Ken told us the Mustang was putting down 678 rwhp, while the Camaro was making 582 rwhp. This is pretty much par for the course with its kits – users can expect to see 55-70% HP gains depending on the options they choose. Of course, ProCharger still offers three head unit finishes (satin,polished, or black), a helical gear set, race bypass valve, and its Stage II intercooler for customers who want to upgrade.
Back to the death-defying, hair-raising driving on the road course. As a former owner of a 6th-gen Camaro, I had a good idea of what to expect, and that was the first car I had a chance to ride in. Granted, the ProCharged Camaro was quite a bit more powerful than what I was previously used to, and it was on a wet track which increased the level of sketchiness exponentially.
Fear not though, I was in the very capable hands of Walt Sipp – packing 4 national championships, 30 national event wins, and multiple track records, it’s safe to say Walt knows his way around a track. Walt has also worked for ProCharger for more than 11 years as their technical service and V-Twin manager. It goes without saying, he handled the road course with ease.
I did get the distinct impression that Sipp was holding back slightly, not just because of the wet track conditions, but because he probably didn’t want the muscly Camaro to get away from him on company time. Frankly, we can’t blame him – piloting a Camaro that boasts 675 crankshaft-horsepower is not to be taken lightly. Ha! Joking aside, he was very crisp around the entire course.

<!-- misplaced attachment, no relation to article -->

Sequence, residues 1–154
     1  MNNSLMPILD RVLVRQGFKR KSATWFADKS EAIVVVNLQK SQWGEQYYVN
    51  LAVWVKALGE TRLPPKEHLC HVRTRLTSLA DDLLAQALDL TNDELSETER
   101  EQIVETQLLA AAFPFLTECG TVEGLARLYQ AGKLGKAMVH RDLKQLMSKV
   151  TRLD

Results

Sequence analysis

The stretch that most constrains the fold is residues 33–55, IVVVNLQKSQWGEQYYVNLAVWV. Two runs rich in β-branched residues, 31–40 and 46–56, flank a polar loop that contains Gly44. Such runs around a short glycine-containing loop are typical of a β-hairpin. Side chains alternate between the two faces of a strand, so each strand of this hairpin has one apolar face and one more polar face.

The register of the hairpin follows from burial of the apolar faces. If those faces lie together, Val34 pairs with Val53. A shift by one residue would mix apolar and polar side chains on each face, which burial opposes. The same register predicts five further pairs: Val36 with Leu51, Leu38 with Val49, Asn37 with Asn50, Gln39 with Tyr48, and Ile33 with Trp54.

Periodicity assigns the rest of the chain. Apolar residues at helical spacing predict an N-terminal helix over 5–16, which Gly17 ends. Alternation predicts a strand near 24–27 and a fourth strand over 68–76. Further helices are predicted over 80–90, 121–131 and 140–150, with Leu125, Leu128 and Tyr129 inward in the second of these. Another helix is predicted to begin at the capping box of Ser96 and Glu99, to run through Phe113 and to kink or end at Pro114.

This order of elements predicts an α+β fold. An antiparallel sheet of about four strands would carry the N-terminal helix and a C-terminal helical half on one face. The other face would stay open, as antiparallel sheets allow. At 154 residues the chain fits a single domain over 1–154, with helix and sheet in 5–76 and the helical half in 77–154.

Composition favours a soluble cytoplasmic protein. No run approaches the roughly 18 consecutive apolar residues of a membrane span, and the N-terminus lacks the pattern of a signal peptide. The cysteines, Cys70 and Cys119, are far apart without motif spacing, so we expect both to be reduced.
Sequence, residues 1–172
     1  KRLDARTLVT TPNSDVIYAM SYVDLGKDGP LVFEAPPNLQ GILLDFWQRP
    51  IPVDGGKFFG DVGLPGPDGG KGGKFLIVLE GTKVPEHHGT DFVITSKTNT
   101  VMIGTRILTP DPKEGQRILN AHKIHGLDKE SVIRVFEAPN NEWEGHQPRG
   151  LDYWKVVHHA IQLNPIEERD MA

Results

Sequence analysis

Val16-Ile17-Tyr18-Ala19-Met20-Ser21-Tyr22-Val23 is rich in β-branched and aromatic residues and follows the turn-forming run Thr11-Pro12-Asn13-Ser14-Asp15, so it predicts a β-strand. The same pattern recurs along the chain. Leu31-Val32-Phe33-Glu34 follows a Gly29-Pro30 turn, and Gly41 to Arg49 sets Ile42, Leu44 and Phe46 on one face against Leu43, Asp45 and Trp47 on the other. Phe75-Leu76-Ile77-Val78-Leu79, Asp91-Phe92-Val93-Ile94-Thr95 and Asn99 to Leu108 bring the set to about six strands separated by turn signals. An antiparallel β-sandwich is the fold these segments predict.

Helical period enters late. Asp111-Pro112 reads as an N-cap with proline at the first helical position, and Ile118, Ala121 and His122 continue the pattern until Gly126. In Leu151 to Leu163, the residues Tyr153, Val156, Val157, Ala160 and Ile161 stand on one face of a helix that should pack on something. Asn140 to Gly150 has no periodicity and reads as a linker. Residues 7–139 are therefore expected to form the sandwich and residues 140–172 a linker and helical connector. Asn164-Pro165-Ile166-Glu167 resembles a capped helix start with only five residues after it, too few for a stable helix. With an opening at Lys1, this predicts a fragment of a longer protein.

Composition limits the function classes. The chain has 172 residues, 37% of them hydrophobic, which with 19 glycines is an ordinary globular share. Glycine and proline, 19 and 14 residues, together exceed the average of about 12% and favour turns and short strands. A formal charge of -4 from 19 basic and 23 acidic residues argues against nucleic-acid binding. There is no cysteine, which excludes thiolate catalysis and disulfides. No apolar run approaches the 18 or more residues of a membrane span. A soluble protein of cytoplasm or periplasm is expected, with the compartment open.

We did two laps, but he had already done several with other passengers. Despite some brake fade, the car didn’t show the slightest bit of squirliness. The power delivery was even throughout the powerband, and the Camaro was very mild-mannered, even in the wet, which speaks to the drivability of not only the Camaro, but the ProCharger system itself. I felt very secure, and it was a fun, spirited ride. Although, it didn’t exactly make my palms sweat.
The Mustang on the other hand…
If the Camaro was a mild-mannered pony, the Mustang was a wild animal, kicking, braying, and rearing its hooves in a slippery, slidey show of force. With its flanks flexing and steam snarling from it’s nostrils – the Mustang was a handful. With almost 100-extra hp over the Camaro, it’s not difficult to understand why.
Admittedly, I had no baseline on which to compare the Mustang. Up until then, I hadn’t ridden in, or driven anything Coyote-powered. I’d heard the Coyote has a reputation for being “peaky” in terms of power delivery. What I didn’t expect was it to be as tail-happy as it was. Of the two, I expected the Camaro to be the one thrown into slides, but it was the total opposite.
Perhaps it speaks to Sipp’s skill and control behind the wheel, or maybe it speaks to James Kim’s confidence in his own. Kim was piloting the Mustang, doing so like someone who’s logged more than a million miles at Sonoma Raceway…oh wait, that’s because he has!
Kim has been tearing it up on the track since ’99, when he graduated from Russell Racing School. He’s subsequently been working as an instructor, and test driver, mostly behind the wheel of Formula 3 race cars, Formula Mazdas, and Formula Fords. He’s also logged tons of track time with street cars like Ferraris and Lambos – hot-lapping for Sonoma Raceway since 2001. Lately he’s been working with race teams providing track support and instruction.